Liz.

I went to New York just over a week ago, a few days after Elizabeth Taylor’s death. Those of you who know me know how much the latter event has affected me. (My site portrait was taken before this happened, btw.) My partner Derek and I hosted a wake; our relationship has in many respects been defined by a mutual admiration of Liz, especially the Mrs. Burton/obscure-European-pseudo-art-film-star/shrew Liz. (An early date involved renting her 1974 film Identikit a.k.a. The Driver’s Seat; we recently hosted a private screening series of this and other “Lizploitation” films in our attic.) I took the above photograph in Chelsea on the afternoon of March 26, at Chisholm Larsson poster gallery, which had erected a shrine of sorts. Many who passed by stopped to pay their respects.

While in New York I went on a gallery-going spree with Jon Davies. Highlights: “German Expressionism: The Graphic Impulse” at MoMA, about which I will write for Canadian Art‘s website in the coming weeks; David Altmejd at Andrea Rosen, about which I’ve already done so (with a Liz lede); Stan Douglas at David Zwirner; and Mark Morrisroe at Artists Space (full of the late artist’s Liz love, including a faux-Q&A in his Dirt zine.)

But more on Liz. Aside from the exquisite news that Liz had a) stipulated in her will that she be buried with the last love letter Richard Burton ever wrote to her; and b) also stipulated that her corpse be delivered to the funeral service fifteen minutes late, the internet has provided some unique commemoration opportunities. Salon got Camille Paglia on the horn for a characteristic tirade. CBS posted this vintage interview with the ebullient Burtons about fighting. Tumblr has given us this. (See left.) This week, her nude portrait at twenty-four years old emerged, but was soon revealed to be a fake. (The Daily Mail claimed it was taken by Roddy McDowall, whose own purported nude portrait may be found here.) Taylor’s Twitter feed was lamentably ended by a plug for her lamentable last interview with the lamentable Kim Kardashian, though, as my friends Rea McNamara and Daniel Shusterman were keen to point out, if you look past this tweet, and the previous one anticipating it, you will find ten tweets in a row, from July 22, 2010, that constitute a poetic, moving goodbye.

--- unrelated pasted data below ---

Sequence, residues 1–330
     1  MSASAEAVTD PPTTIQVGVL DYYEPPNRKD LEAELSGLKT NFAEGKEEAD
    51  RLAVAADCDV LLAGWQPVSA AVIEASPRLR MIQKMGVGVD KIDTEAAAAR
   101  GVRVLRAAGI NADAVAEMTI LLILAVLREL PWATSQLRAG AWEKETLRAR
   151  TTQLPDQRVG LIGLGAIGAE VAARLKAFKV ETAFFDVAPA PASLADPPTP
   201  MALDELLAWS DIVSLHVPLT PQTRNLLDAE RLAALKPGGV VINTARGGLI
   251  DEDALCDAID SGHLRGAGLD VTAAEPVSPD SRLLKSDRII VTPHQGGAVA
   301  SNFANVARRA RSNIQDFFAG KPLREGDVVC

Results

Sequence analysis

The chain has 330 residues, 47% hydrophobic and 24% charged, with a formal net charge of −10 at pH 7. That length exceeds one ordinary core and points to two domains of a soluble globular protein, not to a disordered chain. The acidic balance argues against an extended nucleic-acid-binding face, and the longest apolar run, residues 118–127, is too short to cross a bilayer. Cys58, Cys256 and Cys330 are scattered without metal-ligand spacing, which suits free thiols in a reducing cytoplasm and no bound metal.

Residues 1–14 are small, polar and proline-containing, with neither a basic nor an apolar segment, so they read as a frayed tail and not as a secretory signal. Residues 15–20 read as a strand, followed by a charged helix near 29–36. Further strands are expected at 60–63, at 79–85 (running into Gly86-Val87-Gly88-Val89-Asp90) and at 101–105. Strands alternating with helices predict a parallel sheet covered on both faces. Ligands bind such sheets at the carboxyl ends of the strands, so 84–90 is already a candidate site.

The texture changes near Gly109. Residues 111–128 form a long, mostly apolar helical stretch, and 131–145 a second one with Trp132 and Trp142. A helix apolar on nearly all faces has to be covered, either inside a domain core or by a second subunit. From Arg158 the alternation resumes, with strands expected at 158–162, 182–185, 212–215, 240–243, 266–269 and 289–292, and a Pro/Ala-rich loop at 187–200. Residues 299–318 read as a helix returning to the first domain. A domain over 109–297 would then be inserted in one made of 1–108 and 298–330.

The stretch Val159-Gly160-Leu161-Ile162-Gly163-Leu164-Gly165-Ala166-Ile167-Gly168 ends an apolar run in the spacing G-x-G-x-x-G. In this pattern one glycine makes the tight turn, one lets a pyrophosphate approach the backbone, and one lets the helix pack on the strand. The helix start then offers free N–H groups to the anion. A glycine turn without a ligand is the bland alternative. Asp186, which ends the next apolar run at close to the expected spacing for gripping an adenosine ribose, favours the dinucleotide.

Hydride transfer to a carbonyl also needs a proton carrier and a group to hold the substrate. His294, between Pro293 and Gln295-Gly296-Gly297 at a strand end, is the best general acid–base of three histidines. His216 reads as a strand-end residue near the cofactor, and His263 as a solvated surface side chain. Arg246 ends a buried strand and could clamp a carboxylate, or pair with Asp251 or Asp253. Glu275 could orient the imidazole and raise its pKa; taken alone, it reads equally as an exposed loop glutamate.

I am happy to announce that Derek and I will be hosting a special screening of one of Liz’s greatest films, Joseph Losey’s Boom! (1968)—hailed by John Waters as “the ultimate failed art film” (and by “”failed,” of course, he means “triumphant”)—at the Drake Hotel as part of their “Movies in the Mess Hall” series May 1. The event will include a special Lizploitation sizzle reel. More on this shortly in Events.

To conclude, I bring you one of Liz’s last great works. Hardly dignified, but then she was never one to go gentle, not least, evidently,  into that good night—

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